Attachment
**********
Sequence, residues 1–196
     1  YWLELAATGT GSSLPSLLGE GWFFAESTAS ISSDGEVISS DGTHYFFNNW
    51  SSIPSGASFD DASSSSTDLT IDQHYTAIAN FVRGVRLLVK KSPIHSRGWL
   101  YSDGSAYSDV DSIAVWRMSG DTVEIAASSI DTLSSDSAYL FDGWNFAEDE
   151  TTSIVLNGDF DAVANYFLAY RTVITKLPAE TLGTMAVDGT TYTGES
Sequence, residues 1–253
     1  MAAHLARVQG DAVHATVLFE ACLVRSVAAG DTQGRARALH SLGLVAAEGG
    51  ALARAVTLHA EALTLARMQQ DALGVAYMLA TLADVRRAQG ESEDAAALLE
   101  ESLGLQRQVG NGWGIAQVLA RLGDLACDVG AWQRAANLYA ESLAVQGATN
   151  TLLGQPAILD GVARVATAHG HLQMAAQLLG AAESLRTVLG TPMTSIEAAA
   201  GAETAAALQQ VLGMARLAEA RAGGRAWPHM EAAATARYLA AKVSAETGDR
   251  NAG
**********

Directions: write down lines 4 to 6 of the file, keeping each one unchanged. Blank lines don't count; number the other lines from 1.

   101  YSDGSAYSDV DSIAVWRMSG DTVEIAASSI DTLSSDSAYL FDGWNFAEDE
   151  TTSIVLNGDF DAVANYFLAY RTVITKLPAE TLGTMAVDGT TYTGES
Sequence, residues 1–253